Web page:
|Kisei Main Line|
|Other name(s)||Kinokuni Line (JR West:Shingū–Wakayama)|
|Owner||JR Central, JR West, Nankai Electric Railway|
|System||Urban Network (Wakayama–Wakayamashi)|
|Operator(s)||JR Central, JR West, JR Freight|
|Line length||384.2 km (238.7 mi)|
|Track gauge||1,067 mm (3 ft 6 in)|
|Electrification||1,500 V DC (Shingū–Wakayamashi)|
Kisei Main Line
The Kisei Main Line (紀勢本線, Kisei-honsen) is a railway line that parallels the coastline of the Kii Peninsula in Japan between Mie Prefecture and Wakayama Prefecture. The name takes the kanji characters from the names of the old provinces of Kii (紀伊) and Ise (伊勢).
The line is operated by Central Japan Railway Company (JR Central) from Kameyama, the eastern terminus, to Shingū, and by West Japan Railway Company (JR West) from Shingū to Wakayamashi, the western terminus. The segment between Shingū and Wakayama is nicknamed as the Kinokuni Line (きのくに線), after the alternate name of the Kii Province.
The line has connections with through service, to the Kansai Main Line for Nagoya via Ise Railway, and to the Hanwa Line at Wakayama terminus for Osaka.
The (Wide View) Nanki limited express runs between Nagoya and Shingū or Kii-Katsuura with four return workings a day via the Ise Railway. The Kuroshio limited express runs between Kyoto/Shin-Ōsaka/Tennōji and Shingū with 16 return workings a day.
The line is generally divided to four parts for local services, by Shingū, Kii-Tanabe, Gobō, and Wakayama.
|Tsu||津||15.5||■ Ise Railway Ise Line (12, some through service from Nagoya)|
Kintetsu Nagoya Line (E39)
|Matsusaka||松阪||34.6||Meishō Line (some through service from Ise-Okitsu)|
Kintetsu Yamada Line (M64)
|Taki||多気||42.5||Sangū Line (some through service to Iseshi and Toba)||Taki, Taki|
|Kisei Main Line ("Kinokuni Line")|
|Gobō||御坊||326.3||Kishū Railway Line|
|Hirokawa Beach||広川ビーチ||341.3||Hirogawa, Arida|
Kishigawa Line (01)
|JR West Kisei Main Line|
The line is composed of sections opened by four different railway companies, which were then nationalised and linked by the JGR/JNR.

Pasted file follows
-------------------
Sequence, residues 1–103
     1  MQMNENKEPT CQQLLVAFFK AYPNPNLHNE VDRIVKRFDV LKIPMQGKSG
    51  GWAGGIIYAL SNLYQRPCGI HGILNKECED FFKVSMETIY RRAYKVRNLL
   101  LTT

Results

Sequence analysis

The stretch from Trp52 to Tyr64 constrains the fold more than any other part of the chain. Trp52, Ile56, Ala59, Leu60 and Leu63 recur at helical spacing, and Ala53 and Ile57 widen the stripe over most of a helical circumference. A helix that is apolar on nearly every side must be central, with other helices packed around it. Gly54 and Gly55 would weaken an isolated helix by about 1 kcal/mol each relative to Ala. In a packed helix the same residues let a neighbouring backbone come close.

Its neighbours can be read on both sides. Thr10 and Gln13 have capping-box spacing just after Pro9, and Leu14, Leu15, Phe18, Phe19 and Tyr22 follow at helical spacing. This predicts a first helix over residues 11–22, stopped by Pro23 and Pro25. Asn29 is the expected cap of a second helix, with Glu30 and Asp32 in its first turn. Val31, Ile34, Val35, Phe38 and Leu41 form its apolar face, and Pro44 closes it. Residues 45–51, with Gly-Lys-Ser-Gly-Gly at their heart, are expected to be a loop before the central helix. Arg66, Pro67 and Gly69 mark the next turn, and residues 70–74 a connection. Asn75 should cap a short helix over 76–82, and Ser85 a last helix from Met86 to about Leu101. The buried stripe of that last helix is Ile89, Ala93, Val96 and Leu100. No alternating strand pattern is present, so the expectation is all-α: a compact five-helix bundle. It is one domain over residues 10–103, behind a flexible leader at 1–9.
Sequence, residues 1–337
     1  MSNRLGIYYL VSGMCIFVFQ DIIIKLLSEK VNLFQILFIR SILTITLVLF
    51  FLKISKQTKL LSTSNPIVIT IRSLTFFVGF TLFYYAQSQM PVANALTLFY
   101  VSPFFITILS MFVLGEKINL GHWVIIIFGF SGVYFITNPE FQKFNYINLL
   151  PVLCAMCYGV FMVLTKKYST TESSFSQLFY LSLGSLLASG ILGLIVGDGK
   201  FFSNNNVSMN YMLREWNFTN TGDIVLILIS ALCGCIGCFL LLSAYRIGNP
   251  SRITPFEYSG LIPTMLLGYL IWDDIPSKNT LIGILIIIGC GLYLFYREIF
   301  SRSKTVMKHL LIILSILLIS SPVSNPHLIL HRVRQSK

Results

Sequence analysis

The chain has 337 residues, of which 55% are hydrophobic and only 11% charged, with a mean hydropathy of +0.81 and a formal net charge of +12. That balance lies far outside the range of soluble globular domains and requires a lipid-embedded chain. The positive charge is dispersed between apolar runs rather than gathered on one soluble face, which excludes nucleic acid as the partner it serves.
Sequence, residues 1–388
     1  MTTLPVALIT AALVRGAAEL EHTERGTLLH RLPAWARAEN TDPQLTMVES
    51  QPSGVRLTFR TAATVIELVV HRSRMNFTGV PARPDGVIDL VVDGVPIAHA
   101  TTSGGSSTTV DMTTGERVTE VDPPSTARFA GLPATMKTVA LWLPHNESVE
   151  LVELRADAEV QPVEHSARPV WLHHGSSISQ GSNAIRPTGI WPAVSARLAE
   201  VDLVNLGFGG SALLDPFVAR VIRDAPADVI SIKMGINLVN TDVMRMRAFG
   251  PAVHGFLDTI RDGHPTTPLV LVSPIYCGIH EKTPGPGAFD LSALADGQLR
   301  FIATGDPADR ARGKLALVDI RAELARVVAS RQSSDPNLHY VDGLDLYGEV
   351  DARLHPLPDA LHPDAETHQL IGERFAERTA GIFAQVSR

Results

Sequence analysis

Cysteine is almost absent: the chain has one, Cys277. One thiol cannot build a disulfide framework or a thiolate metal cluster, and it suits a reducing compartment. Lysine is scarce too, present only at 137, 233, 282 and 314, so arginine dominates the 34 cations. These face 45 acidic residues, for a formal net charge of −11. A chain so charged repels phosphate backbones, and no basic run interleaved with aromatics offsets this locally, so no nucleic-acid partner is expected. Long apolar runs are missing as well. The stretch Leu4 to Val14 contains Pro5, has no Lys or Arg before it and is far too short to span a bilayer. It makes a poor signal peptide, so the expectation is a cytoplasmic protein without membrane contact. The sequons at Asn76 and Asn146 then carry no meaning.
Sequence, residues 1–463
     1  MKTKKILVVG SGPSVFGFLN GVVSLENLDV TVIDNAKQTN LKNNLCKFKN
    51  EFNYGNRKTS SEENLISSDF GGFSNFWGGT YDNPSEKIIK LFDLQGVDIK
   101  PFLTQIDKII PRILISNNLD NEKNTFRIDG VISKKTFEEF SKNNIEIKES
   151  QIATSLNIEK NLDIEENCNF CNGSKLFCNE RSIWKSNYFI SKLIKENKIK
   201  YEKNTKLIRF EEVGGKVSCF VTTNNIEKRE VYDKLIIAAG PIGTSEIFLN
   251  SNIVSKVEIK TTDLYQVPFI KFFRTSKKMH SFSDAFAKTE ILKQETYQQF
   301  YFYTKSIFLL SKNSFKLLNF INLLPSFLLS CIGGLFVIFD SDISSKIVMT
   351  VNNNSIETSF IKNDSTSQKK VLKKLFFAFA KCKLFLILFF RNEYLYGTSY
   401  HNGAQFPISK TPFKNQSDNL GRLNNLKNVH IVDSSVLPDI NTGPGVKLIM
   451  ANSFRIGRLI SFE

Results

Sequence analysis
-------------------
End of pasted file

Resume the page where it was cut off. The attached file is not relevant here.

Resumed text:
In 1891, the Kansai Railway opened the Kameyama to Tsu section, with the Sangu Railway opening the Tsu to Shoka section in 1893. At the western end, the Kiwa Railway opened the Wakayamashi to Wakayama section in 1903, and was acquired by the Kansai Railway the following year. The Kansai Railway and the Sangu Railway were nationalised in 1907. In 1912, the Shingu Railway opened the Kii-Katsuura to Miwasaki section, extending the line to Shingu the following year. The company was nationalised in 1934. On the eastern side of the Kii Peninsula, the Japanese Government Railway (JGR) extended the line from Shoka to Owase in sections between 1923 and 1934, whilst on the western side, it extended the line from Wakayama to Esumi in sections between 1924 and 1938. In 1935, the Kii-Katsuura to Taiji section was opened by JGR, extended to Kushimoto the following year, and to Esumi in 1940, providing a link to Wakayama and Osaka. The successor to JGR, the Japanese National Railways (JNR), opened the Owase to Shingu section in stages between 1956 and 1959, completing the line.
The Akogi to Takajaya section was double-tracked in 1909, with the Matsusaka to Tokuwa section double-tracked two years later. In 1944, both sections were returned to single track and the recovered materials recycled for the Japanese war effort. The Wakayama to Kii-Tanabe section was double-tracked in stages between 1964 and 1978.
The line was electrified between Wakayama and Shingu in 1978, with the Wakayama to Wakayamashi section being commissioned in 1984.
CTC signalling was commissioned between Wakayama and Shingu in 1978, and extended to Kameyama in 1983.
Freight services ceased in 1986.